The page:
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Anesthesiology Research and Practice
Volume 2012 (2012), Article ID 968642, 5 pages
http://dx.doi.org/10.1155/2012/968642
Review Article

Airway Tube Exchanger Techniques in Morbidly Obese Patients

Department of Anesthesia, University of Iowa Hospitals and Clinics, Iowa City, IA 52242, USA

Received 26 July 2011; Revised 27 October 2011; Accepted 7 November 2011

Academic Editor: Lebron Cooper

Copyright © 2012 Danai Udomtecha. This is an open access article distributed under the Creative Commons Attribution License, which permits unrestricted use, distribution, and reproduction in any medium, provided the original work is properly cited.

Abstract

Morbidly obese patients may present a challenge during airway management. When airway tube exchange is required, it can even be more challenging than the primary intubation. With the increasing prevalence of morbid obesity over the years, there will be increasing numbers of these patients presenting for surgical procedures, including ones that require endotracheal tube exchanges. It is therefore important for anesthesiologists to be familiar with options and limitations of the airway tube exchanger techniques.

1. Introduction

Obesity has become a public health crisis in the United States. The prevalence of obesity doubled between 1976–1980 and 1999-2000, increasing from 15.1 percent to 30.9 percent [1]. Results from the 2007-2008 National Health and Nutrition Examination Survey (NHANES) indicate that an estimated 34.2% of US adults aged 20 years and over are overweight, 33.8% are obese, and 5.7% are extremely obese [2]. With the prevalence of obesity and morbid obesity on the rise, all healthcare specialties will see more and more of these patients. There will be increasing numbers of obese patients presenting for surgical procedures, including ones that require endotracheal tube exchanges.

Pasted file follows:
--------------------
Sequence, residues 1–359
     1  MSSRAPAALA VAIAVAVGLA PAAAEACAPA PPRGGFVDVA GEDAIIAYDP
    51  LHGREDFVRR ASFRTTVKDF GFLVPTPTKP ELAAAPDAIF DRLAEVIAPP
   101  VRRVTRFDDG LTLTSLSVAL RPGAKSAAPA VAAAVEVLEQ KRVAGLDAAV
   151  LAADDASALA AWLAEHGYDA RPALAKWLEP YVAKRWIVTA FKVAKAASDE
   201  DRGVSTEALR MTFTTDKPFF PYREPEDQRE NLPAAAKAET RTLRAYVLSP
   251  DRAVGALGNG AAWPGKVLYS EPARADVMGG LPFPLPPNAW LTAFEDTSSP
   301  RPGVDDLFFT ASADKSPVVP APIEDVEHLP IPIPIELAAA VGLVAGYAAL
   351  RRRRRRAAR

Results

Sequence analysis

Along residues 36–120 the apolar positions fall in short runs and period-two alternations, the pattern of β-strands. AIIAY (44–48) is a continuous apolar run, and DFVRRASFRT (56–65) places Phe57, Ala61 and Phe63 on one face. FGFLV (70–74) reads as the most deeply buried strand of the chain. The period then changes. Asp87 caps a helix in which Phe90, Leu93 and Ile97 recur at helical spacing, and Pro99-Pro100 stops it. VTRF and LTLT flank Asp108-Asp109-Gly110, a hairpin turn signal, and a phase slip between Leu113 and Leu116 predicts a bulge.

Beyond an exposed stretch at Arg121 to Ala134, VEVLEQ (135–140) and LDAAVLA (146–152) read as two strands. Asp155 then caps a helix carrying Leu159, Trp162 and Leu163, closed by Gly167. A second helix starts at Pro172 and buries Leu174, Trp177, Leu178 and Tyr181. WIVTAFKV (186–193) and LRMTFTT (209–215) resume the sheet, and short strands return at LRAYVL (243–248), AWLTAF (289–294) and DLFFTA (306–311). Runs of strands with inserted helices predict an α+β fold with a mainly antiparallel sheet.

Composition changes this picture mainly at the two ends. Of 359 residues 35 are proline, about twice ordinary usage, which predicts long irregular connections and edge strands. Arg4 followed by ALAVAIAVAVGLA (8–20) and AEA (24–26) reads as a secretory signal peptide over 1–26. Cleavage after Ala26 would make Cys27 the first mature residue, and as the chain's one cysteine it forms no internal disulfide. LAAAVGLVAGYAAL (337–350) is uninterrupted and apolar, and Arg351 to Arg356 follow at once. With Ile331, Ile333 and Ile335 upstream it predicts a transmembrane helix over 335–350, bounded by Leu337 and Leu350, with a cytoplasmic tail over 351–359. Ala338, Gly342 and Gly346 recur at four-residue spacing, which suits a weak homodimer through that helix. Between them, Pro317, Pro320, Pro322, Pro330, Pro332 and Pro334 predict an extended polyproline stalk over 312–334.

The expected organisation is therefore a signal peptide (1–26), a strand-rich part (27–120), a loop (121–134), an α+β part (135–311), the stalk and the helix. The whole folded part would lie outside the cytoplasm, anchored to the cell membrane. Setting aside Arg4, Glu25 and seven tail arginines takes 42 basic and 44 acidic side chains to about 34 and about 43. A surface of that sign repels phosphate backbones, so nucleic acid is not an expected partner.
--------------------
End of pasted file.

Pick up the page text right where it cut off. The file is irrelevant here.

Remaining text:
Obese patients may present a challenge during airway management. However, a debate continues to whether morbidly obese patients are more difficult to intubate than the general population. Juvin et al. reported the incidence of difficult intubation to be 15.5% in morbidly obese patients, compared with 2.2% in controls [3]. Gonzalez et al. found the difficult intubation rate of 14.3% in obese patients versus 3% in nonobese patients [4]. In contrast, Ezri et al. and Lundstrøm et al. reported that BMI was weakly associated with difficult intubation in morbidly obese patients, when compared to nonobese patients [5, 6]. Among morbidly obese patients, Brodsky et al. and Neligan et al. demonstrated that increased BMI was not an independent risk factor of difficult intubation [7, 8].